Coaches don’t tell people what to do, how much to do, how to do it, or the timeline for completion. Instead, they ask questions to guide people through their own goal setting and action planning, knowing this is the best way to ensure deep-level commitment to and ownership of these goals. 

Coaches create autonomy and independence. Coaches don’t foster dependency on others. 

Coaches strive to help others see themselves in new ways, access new problem-solving and decision-making approaches, and tap into tools they already have within themselves. 

Coaches don’t set themselves up as long-term resources that are constantly needed. They measure their own success by the success of coachees who grow during the coaching engagement and no longer feel a need for ongoing coaching on the same issue(s).  

Coaches give people choices and voices. Coaches don’t tell people what to do or advocate for them.

Coaches extract others’ thoughts, opinions, and ideas. They also draw out others’ reservations, perceived barriers, and honest feelings about options. They ask questions to brainstorm and generate options. They liberate ideation, autonomous decision-making, and self-advocacy. 

Coaches don’t become advocates, champions, or mother hens to others. They don’t over steer people into pre-determined courses of action or make decisions for others. They don’t do things for other people. Instead they help people build confidence to do things for themselves.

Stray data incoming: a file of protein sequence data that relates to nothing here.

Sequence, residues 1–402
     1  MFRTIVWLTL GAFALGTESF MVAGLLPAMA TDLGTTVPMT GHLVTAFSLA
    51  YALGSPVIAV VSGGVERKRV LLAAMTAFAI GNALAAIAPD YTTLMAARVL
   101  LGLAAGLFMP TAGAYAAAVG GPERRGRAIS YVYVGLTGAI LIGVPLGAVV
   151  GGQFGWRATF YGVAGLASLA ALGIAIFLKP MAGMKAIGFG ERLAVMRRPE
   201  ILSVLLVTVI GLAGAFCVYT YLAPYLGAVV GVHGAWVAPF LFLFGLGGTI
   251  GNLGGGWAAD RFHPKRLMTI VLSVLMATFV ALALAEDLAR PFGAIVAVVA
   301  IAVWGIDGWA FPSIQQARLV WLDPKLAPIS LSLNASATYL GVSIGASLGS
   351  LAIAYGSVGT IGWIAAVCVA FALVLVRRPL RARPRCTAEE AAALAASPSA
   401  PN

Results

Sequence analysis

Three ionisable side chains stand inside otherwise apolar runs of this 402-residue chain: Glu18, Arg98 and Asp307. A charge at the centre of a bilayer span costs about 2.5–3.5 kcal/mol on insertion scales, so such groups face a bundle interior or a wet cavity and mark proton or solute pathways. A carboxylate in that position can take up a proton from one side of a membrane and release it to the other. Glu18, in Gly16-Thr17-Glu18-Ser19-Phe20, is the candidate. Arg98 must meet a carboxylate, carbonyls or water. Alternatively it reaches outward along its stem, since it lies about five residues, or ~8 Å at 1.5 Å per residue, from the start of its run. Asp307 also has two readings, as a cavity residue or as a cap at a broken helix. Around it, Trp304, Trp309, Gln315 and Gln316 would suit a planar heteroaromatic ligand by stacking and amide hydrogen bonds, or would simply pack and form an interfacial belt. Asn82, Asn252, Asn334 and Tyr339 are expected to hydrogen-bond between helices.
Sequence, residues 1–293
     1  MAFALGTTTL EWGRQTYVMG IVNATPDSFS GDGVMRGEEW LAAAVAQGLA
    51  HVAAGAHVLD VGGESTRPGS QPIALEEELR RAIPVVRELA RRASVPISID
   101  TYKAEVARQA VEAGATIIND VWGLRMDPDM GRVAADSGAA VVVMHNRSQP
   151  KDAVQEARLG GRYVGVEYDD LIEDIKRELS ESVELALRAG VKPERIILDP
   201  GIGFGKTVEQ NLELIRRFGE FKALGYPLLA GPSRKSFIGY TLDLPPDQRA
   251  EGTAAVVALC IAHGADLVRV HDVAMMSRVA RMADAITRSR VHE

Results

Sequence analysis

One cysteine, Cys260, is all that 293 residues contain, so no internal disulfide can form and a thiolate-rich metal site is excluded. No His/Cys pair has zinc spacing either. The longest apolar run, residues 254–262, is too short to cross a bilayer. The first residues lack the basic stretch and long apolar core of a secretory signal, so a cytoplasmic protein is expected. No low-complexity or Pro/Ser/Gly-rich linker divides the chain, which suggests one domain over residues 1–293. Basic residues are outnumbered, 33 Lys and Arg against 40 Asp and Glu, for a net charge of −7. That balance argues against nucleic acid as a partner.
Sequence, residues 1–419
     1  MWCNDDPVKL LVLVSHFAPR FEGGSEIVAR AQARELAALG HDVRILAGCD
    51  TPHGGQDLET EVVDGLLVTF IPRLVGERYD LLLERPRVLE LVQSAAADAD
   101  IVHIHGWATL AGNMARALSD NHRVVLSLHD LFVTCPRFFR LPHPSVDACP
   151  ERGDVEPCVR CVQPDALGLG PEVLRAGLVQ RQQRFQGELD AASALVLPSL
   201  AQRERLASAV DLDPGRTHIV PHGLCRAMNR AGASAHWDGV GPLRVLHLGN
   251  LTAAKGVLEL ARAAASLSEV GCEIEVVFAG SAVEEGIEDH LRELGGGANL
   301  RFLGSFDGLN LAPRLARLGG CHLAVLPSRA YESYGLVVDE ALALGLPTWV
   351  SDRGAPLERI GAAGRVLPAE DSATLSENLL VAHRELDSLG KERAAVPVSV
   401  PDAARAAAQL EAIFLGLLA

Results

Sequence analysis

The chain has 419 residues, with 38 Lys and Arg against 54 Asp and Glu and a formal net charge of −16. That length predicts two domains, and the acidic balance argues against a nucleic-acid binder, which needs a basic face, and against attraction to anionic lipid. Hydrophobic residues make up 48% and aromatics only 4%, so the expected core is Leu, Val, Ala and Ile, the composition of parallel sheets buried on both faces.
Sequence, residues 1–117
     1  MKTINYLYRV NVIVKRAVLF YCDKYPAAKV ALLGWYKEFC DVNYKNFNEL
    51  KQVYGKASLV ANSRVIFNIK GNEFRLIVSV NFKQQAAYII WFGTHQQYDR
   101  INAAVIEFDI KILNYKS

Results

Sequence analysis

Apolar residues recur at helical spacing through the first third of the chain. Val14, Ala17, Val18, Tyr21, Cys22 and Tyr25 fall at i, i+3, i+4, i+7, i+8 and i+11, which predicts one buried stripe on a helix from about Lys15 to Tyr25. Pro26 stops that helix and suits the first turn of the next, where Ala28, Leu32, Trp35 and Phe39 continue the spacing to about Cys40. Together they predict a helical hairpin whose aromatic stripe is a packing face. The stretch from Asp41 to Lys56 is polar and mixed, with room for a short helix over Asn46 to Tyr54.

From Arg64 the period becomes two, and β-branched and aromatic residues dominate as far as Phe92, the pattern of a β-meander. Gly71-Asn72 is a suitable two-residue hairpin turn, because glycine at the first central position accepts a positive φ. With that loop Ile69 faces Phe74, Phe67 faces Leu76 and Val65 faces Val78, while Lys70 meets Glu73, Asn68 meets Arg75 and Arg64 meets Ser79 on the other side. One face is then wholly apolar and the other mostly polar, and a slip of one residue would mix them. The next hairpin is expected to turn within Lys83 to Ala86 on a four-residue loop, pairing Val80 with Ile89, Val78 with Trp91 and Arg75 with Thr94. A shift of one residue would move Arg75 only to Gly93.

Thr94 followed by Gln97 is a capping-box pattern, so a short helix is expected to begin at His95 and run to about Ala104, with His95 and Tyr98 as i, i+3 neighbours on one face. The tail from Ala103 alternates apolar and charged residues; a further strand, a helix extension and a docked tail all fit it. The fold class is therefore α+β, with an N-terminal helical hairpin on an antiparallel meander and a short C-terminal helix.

Coaches maintain confidentiality. Coaches do not share what is said in coaching conversations. 

Coaches treat everything said in coaching conversations with the strictest measures of confidentiality. They might encourage a coachee to share information but don’t see sharing as a part of the coaching role. 

Coaches don’t report to others about a coachee’s progress (or lack of it). They don’t repeat what’s been said in coaching conversations. 

Coaches abide by professional standards of the coaching profession. Coaches don’t violate these standards. 

Coaches understand and follow the high standards set by the International Coaching Federation, a global organization dedicated to advancing the coaching profession. They continually learn, developing critical coaching competencies that reflect these high standards. They adhere to the ICF’s code of ethics so that they serve coachees’ needs rather than their own or third parties’ interests.